Corey Junior Davis: Shot boy 'treated like criminal'
A murdered 14-year-old was treated like a criminal when he told authorities he felt unsafe, his mother has said.
Corey Junior Davis was shot dead in a playground in Newham, east London, on 4 September 2017.
A review said Corey, who once ordered a bulletproof vest for protection, was seen as an offender and not an exploited child when he aired his fears.
The area's mayor said she was "profoundly sorry" for Corey's death.
A serious case review found the teenager had been groomed by gangs from the age of 13.
It said Corey, who had severe ADHD but had achieved above-average grades in primary school, was not properly catered for when he moved to secondary school.
'Lens of exploitation'
He was eventually excluded, and placed in a pupil referral unit where he fell into the clutches of gangs.
While at the unit, Corey was caught by police carrying a "Rambo knife", which he said was for protection, and he told social workers he was worried about his safety.
The review said it had taken "courage" for him to "confide these things to adults... [but] he wasn't seen through the lens of exploitation but as an offender".
"Despite Corey being described as a chatty young man, his 'voice' was rarely truly heard and even more rarely adequately responded to."
After her son went missing for a week, Corey's mother Keisha McLeod moved him to his uncle's house in south London for his safety.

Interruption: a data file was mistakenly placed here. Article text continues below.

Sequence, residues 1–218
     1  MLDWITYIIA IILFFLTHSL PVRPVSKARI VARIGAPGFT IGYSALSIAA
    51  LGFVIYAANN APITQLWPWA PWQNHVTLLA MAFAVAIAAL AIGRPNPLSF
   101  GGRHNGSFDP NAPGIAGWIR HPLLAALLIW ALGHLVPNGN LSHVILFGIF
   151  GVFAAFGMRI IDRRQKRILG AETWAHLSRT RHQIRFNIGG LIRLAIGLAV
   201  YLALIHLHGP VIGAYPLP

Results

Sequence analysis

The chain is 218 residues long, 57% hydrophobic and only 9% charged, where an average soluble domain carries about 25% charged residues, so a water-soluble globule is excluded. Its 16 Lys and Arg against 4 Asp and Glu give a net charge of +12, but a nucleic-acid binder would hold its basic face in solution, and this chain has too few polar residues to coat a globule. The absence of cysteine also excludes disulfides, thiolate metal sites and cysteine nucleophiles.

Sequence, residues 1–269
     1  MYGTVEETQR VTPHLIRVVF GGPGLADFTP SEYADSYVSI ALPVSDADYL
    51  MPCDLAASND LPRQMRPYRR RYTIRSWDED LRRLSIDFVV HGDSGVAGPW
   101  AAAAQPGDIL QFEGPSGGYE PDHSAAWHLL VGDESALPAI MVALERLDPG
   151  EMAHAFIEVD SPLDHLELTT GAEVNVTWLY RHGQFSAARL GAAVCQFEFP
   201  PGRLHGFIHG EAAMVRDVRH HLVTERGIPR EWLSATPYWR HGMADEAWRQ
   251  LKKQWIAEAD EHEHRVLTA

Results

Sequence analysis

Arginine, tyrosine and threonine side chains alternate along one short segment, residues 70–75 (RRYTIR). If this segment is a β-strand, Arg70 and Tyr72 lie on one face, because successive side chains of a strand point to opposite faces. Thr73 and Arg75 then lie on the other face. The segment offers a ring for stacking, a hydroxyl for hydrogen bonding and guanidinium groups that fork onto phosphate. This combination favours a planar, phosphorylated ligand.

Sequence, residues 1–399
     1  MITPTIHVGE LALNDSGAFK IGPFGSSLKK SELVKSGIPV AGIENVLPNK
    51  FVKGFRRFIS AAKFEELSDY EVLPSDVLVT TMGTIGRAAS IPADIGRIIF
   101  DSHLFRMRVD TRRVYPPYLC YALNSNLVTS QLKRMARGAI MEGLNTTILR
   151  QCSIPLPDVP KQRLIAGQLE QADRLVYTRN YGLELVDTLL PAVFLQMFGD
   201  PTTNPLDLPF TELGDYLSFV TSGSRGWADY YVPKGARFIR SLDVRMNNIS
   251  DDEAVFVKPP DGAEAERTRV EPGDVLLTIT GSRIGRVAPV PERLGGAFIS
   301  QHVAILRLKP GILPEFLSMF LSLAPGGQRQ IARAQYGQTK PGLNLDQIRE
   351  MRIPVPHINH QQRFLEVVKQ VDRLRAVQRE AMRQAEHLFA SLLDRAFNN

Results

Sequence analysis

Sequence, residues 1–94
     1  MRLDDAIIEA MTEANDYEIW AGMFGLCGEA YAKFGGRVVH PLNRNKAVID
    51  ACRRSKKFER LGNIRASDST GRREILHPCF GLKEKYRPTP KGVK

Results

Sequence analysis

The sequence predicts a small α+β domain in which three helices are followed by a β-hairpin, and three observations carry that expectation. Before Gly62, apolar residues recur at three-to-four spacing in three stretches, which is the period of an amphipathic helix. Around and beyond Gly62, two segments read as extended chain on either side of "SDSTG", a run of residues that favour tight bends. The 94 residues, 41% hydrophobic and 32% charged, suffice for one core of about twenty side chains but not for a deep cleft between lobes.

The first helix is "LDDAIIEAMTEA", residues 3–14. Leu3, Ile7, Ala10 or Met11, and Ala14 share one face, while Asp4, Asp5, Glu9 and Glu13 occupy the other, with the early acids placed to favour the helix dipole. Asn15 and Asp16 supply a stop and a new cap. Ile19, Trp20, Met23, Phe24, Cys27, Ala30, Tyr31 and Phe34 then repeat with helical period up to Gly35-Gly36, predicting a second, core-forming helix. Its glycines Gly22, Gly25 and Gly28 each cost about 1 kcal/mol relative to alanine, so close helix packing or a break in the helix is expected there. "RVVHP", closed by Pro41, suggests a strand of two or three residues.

She also repeatedly warned authorities, emailing a social worker to say it was "a life-or-death situation".
Speaking to the Local Democracy Reporting Service, Ms McLeod said her son "was a beautiful, funny, bright young man" who had been "treated as a criminal when he was alive".
"If my son had grown up somewhere else, if he hadn't been in Newham, this wouldn't have happened to him," she said.
Mayor Rokhsana Fiaz said the review showed Corey faced "critical risks... that weren't sufficiently understood but pointed to clear dangers to his life."
She said the council was now following "a public health approach with better systems".
Anne Longfield, the children's commissioner for England, said Corey had been "let down by a system that is supposed to be there to keep him safe".
She called for more of a "joined-up approach from councils, schools, the police, community organisations and families so that those at risk [of being groomed by gangs] are identified early and given proper help".
Nobody has ever been arrested over the 14-year-old's death.